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I read a comment on my “Looking For Inspiration” post this morning that suggested I was just getting bored with Web 2.0 like many others. It’s something I’ve considered a lot lately.
I am certainly not bored with the investments we have made at Union Square Ventures and many of them would be classified as “web 2.0”. There’s pretty much nothing I’d rather do outside of family time than spend a few hours talking with the entrepreneurs who run our companies about their businesses and the opportunity and challenges facing them. This collection of companies we have in our portfolio right now is certainly the best collection of companies I have ever had the opportunity to work with at one single time.
But I am a bit jealous of friends who are working on finding and funding alternative energy or biomedical technologies that have the potential to address the serious problems facing the world. At times it seems that helping the web become more social, intelligent, mobile, and playful is not as impactful.
That’s partially why I want to spend a month in Europe and will do that starting tomorrow. I want to see how the web is changing the world and I want to see how entrepreneurs who are operating with a different worldview are thinking about the power and potential of the web. I could do the same thing in Asia or some other part of the world, but Europe is particularly easy place to do this because of the range of cultures and countries within a couple hours plane ride from each other.
The work that we do at Union Square Ventures can’t just be about making money. At least that’s not enough for me. It has to be a force for positive social change. It needs to be about making the world a better place for our children and their children.
And certainly there is much about “web 2.0” that doesn’t seem to address that need. Throwing food at your friends on Facebook or twittering about the length of the line at the shake shack lands squarely in the “banality” camp that Kirby railed about in his essay on “pseudo modernism” that I blogged about last week.
As I make my way through Zakaria’s Post-American World, I am struck by the power of bringing the world together. As the “rest” modernizes in the next 20-40 years, we have a unique opportunity to create a world where people all feel like they belong to the same society. It’s already happening in business. Look at the EU to see a model of what the entire world could become.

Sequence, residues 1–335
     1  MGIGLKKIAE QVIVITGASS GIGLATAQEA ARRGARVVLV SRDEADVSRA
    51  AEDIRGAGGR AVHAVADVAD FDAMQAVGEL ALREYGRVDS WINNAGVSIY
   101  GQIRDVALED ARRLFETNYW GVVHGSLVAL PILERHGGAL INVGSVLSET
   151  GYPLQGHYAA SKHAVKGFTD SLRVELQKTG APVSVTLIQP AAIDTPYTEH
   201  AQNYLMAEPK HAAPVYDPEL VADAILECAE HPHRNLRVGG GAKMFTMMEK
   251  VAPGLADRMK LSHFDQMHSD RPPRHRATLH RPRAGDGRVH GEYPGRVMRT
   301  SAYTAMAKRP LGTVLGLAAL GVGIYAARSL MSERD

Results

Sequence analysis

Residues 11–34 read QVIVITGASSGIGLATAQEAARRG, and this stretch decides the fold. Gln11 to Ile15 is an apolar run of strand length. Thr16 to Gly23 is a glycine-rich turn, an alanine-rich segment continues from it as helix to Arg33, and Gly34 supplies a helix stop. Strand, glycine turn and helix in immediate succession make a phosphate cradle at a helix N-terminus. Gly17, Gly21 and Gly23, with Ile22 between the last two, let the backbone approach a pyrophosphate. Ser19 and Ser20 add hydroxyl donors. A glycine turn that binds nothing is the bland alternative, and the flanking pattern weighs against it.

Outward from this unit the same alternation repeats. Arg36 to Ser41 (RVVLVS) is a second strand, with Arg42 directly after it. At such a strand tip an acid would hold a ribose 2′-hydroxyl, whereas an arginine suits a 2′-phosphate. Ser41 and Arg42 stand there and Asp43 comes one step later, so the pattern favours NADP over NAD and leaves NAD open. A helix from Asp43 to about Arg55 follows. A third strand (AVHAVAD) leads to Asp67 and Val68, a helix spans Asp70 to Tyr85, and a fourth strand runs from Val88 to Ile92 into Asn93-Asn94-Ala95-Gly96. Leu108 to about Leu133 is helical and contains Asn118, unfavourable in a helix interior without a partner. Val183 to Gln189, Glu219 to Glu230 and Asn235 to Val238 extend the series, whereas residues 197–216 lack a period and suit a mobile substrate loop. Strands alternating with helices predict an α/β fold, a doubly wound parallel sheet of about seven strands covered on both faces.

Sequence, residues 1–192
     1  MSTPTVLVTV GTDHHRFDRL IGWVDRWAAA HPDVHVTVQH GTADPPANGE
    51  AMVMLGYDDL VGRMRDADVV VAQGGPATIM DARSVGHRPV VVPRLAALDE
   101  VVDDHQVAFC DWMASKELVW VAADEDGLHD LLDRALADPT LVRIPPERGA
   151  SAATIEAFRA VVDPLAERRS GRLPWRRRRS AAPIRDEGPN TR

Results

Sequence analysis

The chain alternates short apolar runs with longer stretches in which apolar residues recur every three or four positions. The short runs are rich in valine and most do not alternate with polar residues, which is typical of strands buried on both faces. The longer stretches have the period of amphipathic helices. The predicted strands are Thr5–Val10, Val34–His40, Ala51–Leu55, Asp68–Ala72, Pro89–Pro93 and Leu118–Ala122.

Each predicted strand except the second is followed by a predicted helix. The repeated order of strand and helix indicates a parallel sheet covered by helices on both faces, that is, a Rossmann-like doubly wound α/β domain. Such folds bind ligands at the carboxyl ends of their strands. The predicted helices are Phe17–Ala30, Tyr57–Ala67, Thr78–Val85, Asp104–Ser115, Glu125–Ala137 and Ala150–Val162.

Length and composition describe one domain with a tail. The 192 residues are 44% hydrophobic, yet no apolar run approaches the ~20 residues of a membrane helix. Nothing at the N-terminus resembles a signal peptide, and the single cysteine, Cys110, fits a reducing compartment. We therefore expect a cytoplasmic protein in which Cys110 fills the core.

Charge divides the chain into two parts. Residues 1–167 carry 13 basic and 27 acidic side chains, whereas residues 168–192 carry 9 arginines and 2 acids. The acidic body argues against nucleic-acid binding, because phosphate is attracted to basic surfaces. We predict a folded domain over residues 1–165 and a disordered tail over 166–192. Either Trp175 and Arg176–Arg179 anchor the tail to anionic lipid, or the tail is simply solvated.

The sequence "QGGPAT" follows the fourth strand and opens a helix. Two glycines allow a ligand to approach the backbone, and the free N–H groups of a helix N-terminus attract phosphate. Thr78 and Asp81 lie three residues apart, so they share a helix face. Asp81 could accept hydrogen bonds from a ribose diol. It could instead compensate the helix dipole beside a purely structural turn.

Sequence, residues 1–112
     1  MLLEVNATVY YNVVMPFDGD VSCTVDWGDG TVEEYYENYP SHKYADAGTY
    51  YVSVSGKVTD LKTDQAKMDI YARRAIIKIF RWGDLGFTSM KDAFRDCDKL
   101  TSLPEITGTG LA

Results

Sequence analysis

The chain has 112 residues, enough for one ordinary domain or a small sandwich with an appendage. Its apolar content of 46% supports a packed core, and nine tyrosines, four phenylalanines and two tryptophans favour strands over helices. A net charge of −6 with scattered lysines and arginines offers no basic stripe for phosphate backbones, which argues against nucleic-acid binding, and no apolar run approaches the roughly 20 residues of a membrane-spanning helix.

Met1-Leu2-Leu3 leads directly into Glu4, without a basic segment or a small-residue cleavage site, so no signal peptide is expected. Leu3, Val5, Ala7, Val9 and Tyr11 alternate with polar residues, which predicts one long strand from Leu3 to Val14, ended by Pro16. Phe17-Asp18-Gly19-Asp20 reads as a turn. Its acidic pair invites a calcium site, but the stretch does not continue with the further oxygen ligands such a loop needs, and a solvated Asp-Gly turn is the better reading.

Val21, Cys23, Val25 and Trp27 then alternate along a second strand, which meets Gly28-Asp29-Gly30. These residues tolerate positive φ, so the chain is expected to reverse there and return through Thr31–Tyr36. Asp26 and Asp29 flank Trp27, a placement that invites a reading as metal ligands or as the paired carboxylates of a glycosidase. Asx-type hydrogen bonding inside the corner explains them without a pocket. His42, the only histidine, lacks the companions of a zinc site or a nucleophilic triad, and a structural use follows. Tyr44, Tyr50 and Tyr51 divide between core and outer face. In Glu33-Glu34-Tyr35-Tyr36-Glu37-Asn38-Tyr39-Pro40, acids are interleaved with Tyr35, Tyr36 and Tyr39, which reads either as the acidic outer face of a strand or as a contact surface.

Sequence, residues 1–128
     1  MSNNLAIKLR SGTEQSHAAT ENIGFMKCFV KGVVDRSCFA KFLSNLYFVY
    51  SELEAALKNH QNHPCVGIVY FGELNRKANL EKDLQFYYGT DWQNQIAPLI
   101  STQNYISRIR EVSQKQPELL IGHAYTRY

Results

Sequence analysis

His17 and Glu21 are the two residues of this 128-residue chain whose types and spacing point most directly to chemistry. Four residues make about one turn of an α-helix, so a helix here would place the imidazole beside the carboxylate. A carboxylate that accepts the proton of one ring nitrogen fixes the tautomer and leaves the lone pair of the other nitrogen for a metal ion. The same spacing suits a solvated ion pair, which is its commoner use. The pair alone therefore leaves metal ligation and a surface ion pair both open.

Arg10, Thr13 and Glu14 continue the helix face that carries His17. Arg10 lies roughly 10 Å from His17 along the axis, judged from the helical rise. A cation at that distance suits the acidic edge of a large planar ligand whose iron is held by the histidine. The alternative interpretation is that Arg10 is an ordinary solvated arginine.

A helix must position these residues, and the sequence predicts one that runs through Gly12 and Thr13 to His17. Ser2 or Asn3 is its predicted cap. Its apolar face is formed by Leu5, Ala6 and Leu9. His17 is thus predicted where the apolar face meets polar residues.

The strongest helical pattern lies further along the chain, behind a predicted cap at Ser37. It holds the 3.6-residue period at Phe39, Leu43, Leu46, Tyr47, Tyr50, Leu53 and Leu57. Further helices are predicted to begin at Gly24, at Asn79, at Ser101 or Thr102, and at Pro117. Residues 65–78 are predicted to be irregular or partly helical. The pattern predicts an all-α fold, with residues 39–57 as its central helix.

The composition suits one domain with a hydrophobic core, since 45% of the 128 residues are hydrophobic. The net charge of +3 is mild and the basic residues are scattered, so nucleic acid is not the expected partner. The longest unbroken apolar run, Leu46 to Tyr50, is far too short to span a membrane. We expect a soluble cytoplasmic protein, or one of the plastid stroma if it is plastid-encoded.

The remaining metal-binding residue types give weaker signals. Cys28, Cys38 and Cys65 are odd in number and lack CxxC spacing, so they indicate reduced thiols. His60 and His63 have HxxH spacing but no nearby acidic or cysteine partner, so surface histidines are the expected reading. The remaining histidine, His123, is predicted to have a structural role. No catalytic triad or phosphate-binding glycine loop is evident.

And I think the web is driving this globalization. Most analysts, including Zakaria, talk about the power of instant news and information in driving globalization. But I think the impact of information flow (in the news sense) is tiny when compared to the power of social media.
Take a look at this map of the last 500 vistitors to this blog.
We are a community here at AVC. I didn’t start this blog to create a community. You all created it and I am blessed to be able to moderate it, to start the conversations that you all finish. And this community is a worldwide community. I can name at least a dozen commenters who are in the top thirty most frequent commenters who live outside the US. They give our conversation a global perspective. Which is a glimpse of what we are going to have in all forms of society in the next thirty years.
www stands for world wide web. It was aptly named. It is the single most powerful force in global change. And if that is true, then it will be the single most powerful force in solving our world’s problems.
So I am not bored by the web. I do want to figure out how to use the web to answer some of Umair’s questions, how do we:
Organize the world's hunger.
Organize the world’s energy.
Organize the world’s thirst.
Organize the world's health.
Organize the world's freedom.
Organize the world's finance.
Organize the world's education.
We are not doing enough of that right now. And that has to change. Maybe the answers lie in what’s
next. I am going to try to find out over the next year or two.
To read more from Fred Wilson, go to his blog.
(Note: The tag cloud is from Wikipedia.org)
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